Norway: Challenges abound for new GovernmentThe Socialist Left party, which started its election campaigns in the Pakistani countryside and thinks that the USA is the greatest threat to world peace (one of its members has suggested giving the Nobel Peace Prize to Cuba's Fidel Castro), will now be part of our cabinet:
Challenges abound for Jens
Jens Stoltenberg and his new government partners, the Center Party and the Socialist Left, have a long list of issues to resolve in order to put forward a united front as a ruling government coalition. They've already agreed to disagree on whether Norway should join the European Union. Stoltenberg and his Labour Party (Arbeiderpartiet) have some clear advantages, however. They will lead the coalition from a position of relative strength, after winning more than 60 seats in Parliament and 32.7 percent of the vote. That indicates that Labour, which started adopting a more moderate brand of politics in the 1990s, likely won't be making any major radical turns, even though it will be cooperating with the Socialist Left (SV), known for a much more left-wing brand of socialist politics. SV, however, was relatively battered at the polls and heads into a government coalition with just 8.7 percent of voter support and a major loss of seats in Parliament.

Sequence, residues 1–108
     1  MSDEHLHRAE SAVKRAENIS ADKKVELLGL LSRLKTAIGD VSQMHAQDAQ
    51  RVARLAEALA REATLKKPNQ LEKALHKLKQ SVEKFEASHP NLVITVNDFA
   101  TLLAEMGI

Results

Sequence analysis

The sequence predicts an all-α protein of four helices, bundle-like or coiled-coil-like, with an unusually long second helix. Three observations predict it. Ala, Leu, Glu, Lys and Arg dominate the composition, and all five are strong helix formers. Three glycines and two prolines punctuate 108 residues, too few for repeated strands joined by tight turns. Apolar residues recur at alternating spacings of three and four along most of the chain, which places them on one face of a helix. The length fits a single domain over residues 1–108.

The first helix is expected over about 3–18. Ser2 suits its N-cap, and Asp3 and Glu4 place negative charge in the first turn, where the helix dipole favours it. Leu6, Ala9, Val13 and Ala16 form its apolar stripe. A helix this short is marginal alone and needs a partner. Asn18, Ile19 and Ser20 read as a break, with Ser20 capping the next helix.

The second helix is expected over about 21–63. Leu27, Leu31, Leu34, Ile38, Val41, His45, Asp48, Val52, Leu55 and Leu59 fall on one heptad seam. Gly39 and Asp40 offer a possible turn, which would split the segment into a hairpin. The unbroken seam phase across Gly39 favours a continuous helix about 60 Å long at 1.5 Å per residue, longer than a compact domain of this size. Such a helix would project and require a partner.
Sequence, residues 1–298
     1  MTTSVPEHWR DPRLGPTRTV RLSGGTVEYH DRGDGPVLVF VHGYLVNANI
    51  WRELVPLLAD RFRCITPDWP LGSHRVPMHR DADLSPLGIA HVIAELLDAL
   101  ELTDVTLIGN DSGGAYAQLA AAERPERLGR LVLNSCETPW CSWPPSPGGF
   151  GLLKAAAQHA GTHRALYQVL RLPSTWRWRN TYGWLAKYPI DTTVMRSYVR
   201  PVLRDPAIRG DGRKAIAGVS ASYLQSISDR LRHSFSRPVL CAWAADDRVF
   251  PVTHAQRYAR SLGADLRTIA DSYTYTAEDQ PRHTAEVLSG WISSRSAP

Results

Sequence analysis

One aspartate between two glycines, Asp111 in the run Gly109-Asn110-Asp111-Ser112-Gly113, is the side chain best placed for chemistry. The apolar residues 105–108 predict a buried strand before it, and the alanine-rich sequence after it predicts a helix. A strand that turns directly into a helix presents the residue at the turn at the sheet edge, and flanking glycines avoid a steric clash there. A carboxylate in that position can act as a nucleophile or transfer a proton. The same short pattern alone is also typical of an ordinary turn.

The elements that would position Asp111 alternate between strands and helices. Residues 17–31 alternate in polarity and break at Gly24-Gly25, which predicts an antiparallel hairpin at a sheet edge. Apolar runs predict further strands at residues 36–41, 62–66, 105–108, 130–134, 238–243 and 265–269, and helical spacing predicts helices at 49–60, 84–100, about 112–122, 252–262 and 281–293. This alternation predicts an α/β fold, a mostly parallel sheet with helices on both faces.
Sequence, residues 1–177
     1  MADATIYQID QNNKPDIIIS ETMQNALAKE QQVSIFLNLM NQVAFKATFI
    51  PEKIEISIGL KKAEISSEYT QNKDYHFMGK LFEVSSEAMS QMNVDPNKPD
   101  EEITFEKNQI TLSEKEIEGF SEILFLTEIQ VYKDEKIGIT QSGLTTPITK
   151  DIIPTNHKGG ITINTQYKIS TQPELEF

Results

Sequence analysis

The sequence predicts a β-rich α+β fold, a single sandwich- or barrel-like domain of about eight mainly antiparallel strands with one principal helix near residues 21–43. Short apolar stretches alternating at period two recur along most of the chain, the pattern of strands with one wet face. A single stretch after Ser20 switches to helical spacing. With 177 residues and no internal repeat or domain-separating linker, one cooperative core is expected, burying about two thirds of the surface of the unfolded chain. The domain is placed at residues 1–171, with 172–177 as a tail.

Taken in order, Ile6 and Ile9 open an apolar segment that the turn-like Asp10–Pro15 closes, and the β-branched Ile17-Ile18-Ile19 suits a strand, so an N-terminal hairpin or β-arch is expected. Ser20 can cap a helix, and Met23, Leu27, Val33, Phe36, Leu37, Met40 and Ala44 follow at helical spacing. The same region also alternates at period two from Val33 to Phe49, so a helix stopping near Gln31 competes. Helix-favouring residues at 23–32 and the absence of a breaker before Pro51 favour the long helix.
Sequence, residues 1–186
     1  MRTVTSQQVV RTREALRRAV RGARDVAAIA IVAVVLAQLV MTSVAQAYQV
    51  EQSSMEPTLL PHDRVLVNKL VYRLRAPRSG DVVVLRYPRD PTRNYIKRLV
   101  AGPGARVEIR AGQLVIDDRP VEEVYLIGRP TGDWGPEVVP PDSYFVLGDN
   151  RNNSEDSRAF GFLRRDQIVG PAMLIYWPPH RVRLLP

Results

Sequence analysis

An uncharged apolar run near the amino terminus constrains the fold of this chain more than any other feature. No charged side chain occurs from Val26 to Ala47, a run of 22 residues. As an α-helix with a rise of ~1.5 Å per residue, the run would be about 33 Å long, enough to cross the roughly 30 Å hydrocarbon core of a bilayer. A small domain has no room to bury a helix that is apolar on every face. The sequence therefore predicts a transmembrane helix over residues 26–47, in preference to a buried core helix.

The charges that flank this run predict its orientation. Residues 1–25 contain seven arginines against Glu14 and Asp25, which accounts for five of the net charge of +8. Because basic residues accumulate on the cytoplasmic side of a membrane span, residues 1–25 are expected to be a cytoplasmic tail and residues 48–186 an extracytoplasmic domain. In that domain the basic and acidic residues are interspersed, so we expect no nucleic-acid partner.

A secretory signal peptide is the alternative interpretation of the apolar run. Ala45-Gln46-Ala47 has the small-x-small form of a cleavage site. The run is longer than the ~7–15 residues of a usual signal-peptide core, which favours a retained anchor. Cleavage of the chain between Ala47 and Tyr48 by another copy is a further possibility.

Hagen savours major victory
Carl I Hagen has for years been the proverbial Rodney Dangerfield of Norwegian politics, never getting any respect. Now, with 22.1 percent of the vote and a big increase in parliamentary representation, he expects that to change. Hagen took the stage at his party's election watch meeting Monday night to the tunes of "We are the champions," clearly relishing the biggest victory his relatively right-wing Progress Party (Fremskrittspartiet) has ever scored with liberal Norwegian voters. He warmly thanked his supporters for making the Progress Party "the leading opposition party" in Parliament and "the biggest non-socialist party" of them all.
Norway's Red-Green alliance set to oust government
Prime Minister Kjell Magne Bondevik said he did "not have a good answer" as to why Norwegians ditched him during an economic boom and after U.N. surveys rated Norway the best country in the world in which to live every year since he took power in 2001. Norway is the third largest oil exporter after Saudi Arabia and Russia, making its 4.6 million people among the wealthiest in the world. Carl Hagen said that he expected his party to lead the opposition in the next four years. Elsewhere in Scandinavia, the Danish People's Party has pushed through tighter laws for asylum seekers and immigrants. "You have laid the basis for a new dream, that the Progress Party will be what the Labour Party was in the previous century," Hagen told jubilant supporters. Hassan Abdillahi, a 41-year-old of Somali origin, was happy that the center left looked like defeating the right and keeping Hagen away from power. Its allies in government would be the rural Center Party and the Socialist Left, which calls the United States the "greatest threat to world peace" and is against Norway's NATO membership.